Prior studies in KTRs found that the prevalence of hypertension varied between 17% and 72% in studies that utilized an office BP threshold of 140/90 mm Hg as compared to 22–95% in studies that used the 130/80 mm Hg threshold. This difference in the prevalence of hypertension in KTRs can be attributed to numerous factors, including differences in study cohorts with regard to the specific kidney donor and recipient factors. On the other hand, the prevalence of hypertension was reported to be ranging between 24% and 95% in studies that used ABPM at the 130/80 mm Hg threshold [8, 9]. Another study by Ahmed et al.  evaluated the prevalence of hypertension at both the 130/80 mm Hg office threshold and the corresponding 125/75 mm Hg ABPM threshold. In that study, hypertension prevalence was estimated at 21.5% with a 130/80 mm Hg office threshold and 77% with a 125/75 mm Hg ABPM threshold.
The poor concordance between office and ambulatory BP with especially high rates of masked hypertension in KTRs and patients with CKD is clinically significant. Observational studies in the general population and in those with CKD have indicated increased risk for cardiovascular and renal outcomes in patients with masked hypertension. Patients with white-coat hypertension are at increased risk for adverse outcomes compared to those with controlled office and ambulatory BP. Despite a lack of clinical trials comparing office-based to out-of-office-based hypertension management, recent guidelines from KDIGO, ACC/AHA, and ESH/ESC recommend out-of-office BP for diagnosis and management of hypertension [11-13]. While there have not been studies comparing office-based to out-of-office-based hypertension treatment, a meta-analysis of randomized controlled trials identified clinically meaningful reductions in both systolic and diastolic BP at 6 months and 1 year with the use of self-monitoring BP as compared to usual care, especially when paired with a team-based approach.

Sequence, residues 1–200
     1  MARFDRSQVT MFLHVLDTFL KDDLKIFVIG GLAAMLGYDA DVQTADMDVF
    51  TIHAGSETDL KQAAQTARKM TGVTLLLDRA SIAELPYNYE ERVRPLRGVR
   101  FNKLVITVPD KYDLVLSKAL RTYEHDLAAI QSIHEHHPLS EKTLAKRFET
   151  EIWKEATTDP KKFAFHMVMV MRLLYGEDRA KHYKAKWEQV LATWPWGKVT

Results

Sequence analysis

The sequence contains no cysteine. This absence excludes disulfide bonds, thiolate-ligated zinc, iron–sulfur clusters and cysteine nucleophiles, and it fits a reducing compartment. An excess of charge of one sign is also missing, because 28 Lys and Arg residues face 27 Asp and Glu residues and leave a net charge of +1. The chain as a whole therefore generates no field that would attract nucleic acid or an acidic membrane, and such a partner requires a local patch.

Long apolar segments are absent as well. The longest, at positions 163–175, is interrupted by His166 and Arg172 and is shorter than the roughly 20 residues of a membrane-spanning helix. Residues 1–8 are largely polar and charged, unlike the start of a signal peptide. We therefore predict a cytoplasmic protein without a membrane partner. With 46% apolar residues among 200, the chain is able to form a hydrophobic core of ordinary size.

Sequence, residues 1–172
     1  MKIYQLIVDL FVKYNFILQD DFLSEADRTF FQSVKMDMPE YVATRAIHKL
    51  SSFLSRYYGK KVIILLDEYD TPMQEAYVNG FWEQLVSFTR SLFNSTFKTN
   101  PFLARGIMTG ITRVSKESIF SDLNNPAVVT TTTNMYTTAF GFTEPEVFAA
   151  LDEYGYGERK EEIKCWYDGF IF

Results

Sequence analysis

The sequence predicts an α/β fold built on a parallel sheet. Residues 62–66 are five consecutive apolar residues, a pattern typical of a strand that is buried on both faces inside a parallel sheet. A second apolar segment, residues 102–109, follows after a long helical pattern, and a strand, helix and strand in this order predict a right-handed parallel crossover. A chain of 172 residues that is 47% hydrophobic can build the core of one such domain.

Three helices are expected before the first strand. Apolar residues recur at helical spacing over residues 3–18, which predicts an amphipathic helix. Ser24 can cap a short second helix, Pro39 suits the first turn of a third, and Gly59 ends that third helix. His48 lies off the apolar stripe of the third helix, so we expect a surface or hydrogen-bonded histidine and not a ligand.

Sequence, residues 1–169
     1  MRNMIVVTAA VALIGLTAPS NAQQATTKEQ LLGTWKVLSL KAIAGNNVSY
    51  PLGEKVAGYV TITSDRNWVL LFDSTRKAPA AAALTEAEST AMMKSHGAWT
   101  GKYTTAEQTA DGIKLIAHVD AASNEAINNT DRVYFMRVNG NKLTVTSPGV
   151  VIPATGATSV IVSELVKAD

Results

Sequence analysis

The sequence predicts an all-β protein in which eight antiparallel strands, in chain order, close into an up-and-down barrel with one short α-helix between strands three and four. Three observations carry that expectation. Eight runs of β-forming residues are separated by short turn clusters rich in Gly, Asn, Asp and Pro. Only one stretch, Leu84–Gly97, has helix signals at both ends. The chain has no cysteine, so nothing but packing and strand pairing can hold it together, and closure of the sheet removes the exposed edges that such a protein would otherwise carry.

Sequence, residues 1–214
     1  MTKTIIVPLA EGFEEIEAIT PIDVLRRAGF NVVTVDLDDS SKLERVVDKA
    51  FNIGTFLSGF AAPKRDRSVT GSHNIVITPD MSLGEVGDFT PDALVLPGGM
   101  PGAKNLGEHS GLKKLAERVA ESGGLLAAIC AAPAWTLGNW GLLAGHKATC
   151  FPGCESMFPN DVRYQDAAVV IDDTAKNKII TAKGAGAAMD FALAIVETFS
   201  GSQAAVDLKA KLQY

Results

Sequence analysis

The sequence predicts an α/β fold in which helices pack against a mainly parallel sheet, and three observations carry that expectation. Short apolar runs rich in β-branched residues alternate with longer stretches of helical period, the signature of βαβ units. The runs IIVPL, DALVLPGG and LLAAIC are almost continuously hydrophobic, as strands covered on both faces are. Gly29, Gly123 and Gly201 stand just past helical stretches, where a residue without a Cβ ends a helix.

Clinical trials are needed to determine whether treatment based on out-of-office BPs reduces risk for adverse outcomes in patients with white-coat and masked hypertension. These trials are especially important in KTRs and those with CKD given the high rates of masked hypertension in these populations. Additionally, further research to improve the accuracy of in-office BP measurement should be conducted as it could help standardize care and further improve patient outcomes. Hypertension is a significant risk factor for cardiovascular disease and all-cause mortality in KTRs; accurate assessment of BP is key to diagnosing and managing hypertension in order to reduce hypertension-related adverse outcomes in KTRs. The study by Korogiannou and colleagues highlights the need to expand the use of out-of-office BP measurements to identify the significant proportion of KTRs with white-coat and masked hypertension, BP phenotypes that, in the absence of clinical trial data, require a thoughtful approach to management.
Conflict of Interest Statement
The authors have no conflicts of interest to disclose.
The authors did not receive any funding.
Both authors made equal contributions.